Tampa Bay manager Joe Maddon warned anyone who would listen not to underestimate Jeremy Hellickson on eve of his showdown with Zack Greinke as the 2009 AL Cy Young winner prepared to make his first start for the Los Angeles Angels.
As things turned out, Hellickson outpitched Greinke on Sunday with six innings of two-hit ball in a 2-0 victory that gave the Rays the finale of the three-game series.
Hellickson has won consecutive starts for the first time since April 19-25, when he beat the Yankees 9-4 and followed that up with a 3-2 victory over the Angels. He was 0-6 with a 4.29 ERA in nine starts preceding these last two outings.
"Throwing strikes was the main thing," Hellickson said. "The last two games I've been attacking the hitters better than I have been. Having no walks is huge for me. I was getting ahead of guys, and the defense was making good plays for me."
Hellickson (6-6) struck out five and walked none. He retired 15 of his first 16 batters, allowing only Maicer Izturis' leadoff single in the fourth. The Angels' other hit off him was a leadoff single by Chris Iannetta in the sixth — a liner that deflected off the glove of diving second baseman Ben Zobrist.
"He's got good stuff," Angels left fielder Vernon Wells said. "He threw a little harder today than he normally does. He's a good pitcher. He keeps you off-balance and makes you hit his changeup, which is a good one."
Hellickson was under the weather the entire game, which was the reason for his early exit.
"I give him a lot of credit. I know he was struggling through the whole thing, and it was hot out there. So it made no sense to send him back out there," Maddon said. "He was chalkier than a Des Moines winter. You could see that his face was a little bit red. It's not easy when you're ill to go out in that kind of heat and keep your wits about you."
Hellickson acknowledged that he threw up five times during the game, a stat that won't show up on his overall pitching line.
"It was hot today, and that was probably the reason," Hellickson said. "I just had a little stomach ache and got a little lightheaded there toward the end. I felt good enough to go out there. I took some stuff before the game, but it kind of caught up with me those last few innings. I felt I had to give us five or six to save the bullpen. My arm felt good, and that's all I really needed."
What Greinke needed more than anything were runs. But the Angels were shut out for the second consecutive game — the first time that's happened since May 3-4 against Toronto at the "Big A." Their 11th shutout loss tied Oakland for the most in the majors.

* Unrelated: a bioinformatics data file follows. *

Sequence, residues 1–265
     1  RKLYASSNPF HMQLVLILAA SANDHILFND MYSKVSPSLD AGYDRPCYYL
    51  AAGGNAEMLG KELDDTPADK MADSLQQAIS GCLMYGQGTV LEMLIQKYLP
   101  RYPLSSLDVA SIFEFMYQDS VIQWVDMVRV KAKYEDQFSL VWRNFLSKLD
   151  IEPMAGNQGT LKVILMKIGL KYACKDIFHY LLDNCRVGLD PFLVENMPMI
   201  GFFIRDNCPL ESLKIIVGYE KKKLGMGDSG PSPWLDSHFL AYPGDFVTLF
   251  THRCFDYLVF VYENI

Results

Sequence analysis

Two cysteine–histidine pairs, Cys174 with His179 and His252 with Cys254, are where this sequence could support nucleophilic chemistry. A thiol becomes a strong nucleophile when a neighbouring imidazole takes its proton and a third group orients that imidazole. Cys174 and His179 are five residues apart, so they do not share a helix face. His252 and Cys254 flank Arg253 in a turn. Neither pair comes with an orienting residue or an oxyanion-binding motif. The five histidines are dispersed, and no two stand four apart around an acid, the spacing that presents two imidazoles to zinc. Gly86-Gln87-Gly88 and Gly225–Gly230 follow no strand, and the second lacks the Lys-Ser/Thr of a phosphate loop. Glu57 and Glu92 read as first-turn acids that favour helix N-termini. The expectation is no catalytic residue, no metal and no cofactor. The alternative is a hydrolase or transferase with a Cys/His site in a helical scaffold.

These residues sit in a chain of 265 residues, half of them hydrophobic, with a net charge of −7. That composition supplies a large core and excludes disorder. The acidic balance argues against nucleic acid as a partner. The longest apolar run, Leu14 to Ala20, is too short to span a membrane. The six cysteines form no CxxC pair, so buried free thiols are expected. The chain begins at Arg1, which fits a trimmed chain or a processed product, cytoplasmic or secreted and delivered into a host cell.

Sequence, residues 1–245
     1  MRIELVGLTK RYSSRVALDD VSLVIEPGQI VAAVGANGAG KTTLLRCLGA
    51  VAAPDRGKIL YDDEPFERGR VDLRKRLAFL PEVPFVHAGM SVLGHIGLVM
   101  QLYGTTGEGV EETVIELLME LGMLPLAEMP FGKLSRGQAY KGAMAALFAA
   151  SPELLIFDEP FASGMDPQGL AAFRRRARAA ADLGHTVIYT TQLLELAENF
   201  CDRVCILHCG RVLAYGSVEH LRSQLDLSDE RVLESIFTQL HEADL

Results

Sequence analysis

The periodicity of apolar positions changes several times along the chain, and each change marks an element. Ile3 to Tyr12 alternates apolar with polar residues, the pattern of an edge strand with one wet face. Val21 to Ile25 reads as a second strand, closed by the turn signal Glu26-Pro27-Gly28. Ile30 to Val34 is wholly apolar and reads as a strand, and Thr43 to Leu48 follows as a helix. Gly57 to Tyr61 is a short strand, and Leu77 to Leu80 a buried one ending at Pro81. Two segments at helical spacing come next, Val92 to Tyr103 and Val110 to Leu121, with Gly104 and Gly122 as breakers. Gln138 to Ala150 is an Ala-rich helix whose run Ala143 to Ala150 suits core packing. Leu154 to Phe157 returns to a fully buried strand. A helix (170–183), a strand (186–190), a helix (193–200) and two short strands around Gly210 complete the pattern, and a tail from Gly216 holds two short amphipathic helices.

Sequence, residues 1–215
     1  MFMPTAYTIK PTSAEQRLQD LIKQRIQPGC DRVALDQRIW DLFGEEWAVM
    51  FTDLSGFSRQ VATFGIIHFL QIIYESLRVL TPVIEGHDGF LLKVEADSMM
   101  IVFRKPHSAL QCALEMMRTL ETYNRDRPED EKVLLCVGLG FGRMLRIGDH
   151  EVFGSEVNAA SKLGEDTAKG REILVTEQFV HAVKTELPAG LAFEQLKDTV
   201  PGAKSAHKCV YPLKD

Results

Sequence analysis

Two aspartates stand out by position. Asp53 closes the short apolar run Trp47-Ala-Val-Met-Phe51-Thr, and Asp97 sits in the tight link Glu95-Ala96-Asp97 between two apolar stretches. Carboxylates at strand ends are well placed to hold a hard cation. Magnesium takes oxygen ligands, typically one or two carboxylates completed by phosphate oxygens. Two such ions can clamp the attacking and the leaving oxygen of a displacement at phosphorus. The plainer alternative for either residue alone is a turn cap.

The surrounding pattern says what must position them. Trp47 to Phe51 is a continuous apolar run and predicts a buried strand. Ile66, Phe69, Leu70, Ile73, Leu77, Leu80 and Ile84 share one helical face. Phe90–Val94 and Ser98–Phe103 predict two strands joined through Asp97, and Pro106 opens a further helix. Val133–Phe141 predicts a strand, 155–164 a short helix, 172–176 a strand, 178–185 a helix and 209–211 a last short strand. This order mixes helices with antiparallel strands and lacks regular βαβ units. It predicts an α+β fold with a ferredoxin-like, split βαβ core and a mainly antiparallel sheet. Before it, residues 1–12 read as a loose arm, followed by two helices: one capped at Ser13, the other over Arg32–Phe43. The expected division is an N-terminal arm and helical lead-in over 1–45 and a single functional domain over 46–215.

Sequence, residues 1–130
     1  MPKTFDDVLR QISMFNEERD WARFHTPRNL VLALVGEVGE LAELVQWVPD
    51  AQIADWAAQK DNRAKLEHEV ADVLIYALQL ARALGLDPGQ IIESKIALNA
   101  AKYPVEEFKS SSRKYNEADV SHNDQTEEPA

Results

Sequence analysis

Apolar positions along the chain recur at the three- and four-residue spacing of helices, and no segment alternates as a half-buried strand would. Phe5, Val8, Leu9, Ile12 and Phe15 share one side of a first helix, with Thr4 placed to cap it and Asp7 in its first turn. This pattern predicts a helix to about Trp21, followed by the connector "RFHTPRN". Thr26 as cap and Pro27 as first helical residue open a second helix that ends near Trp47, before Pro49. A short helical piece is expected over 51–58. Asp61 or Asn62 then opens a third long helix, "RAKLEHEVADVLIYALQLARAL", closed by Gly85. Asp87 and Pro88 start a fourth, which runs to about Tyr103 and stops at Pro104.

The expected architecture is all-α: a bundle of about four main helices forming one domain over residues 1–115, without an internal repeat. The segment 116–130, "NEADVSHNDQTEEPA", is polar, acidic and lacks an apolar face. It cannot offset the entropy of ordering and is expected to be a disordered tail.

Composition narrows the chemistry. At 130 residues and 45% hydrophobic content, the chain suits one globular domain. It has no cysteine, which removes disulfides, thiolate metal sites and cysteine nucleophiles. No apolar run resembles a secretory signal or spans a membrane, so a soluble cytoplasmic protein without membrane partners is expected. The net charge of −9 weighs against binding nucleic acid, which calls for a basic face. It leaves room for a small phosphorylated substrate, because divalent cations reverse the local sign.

"I think everybody was anxious to get Zack on the mound and see him in an Angels uniform," Wells said. "He did what he was supposed to do. We just didn't score runs for him."
Greinke (0-1) allowed two runs and seven hits in seven innings and struck out eight. He gave up an RBI single to Matt Joyce in the sixth and threw a run-scoring wild pitch in the seventh after Carlos Pena doubled and advanced on a groundout.
"I made a lot of good pitches — but some bad ones, too," Greinke said. "I thought my fastball command could have been a lot better. I was pretty upset with the first-pitch curve ball to Pena. The wild pitch was just a bad break. No catcher in the world would have stopped that one. You throw a two-strike slider down and hope that doesn't happen."
Greinke, eligible for free agency after the season, was acquired on Friday in a trade that sent rookie infielder Jean Segura and Double-A right-handers Ariel Pena and Johnny Hellweg to Milwaukee. He was 9-3 with a 3.44 ERA in 21 starts with the Brewers.
"Hopefully I'll win a bunch of games and it becomes a fun season," Greinke said. "Everything's just happened pretty fast — traveling here, meeting a bunch of new people, going over things with the catcher and having a day game instead of a night game, which would have made it easier to get adjusted. So a lot of stuff was going on. But once you get on the mound, it's the same game no matter where you're pitching and who it's against."
Kyle Farnsworth and Joel Peralta followed with a perfect inning each, and Fernando Rodney got three outs for his 30th save in 31 attempts, tying Baltimore's Jim Johnson for the AL lead. With runners on first and second, Rodney fell behind Albert Pujols 3-0 in the count before throwing a called strike and inducing a game-ending, double-play grounder on a changeup away.
"There's a lot of pressure situations out there. So when you've got a guy like Pujols up there, you've got to make your pitch," Rodney said. "I just tried to make a good pitch and get a ground ball with something away. He tried to pull it and I got a ground ball."
... Angels rookie Mike Trout, who leads the AL with a .350 average, missed the game because of a sore left knee. He was injured Saturday night when he tried to make a leaping catch against the fence in left-center field on a home run by Zobrist.
NOTES: Desmond Jennings, who had never faced Greinke in a regular-season game, lined his first pitch into left field for a single. ... In his first game with the Brewers, Greinke lost 8-0 before going 6-0 in his next seven starts. ... The Rays return to Anaheim for a four-game series beginning Aug. 16.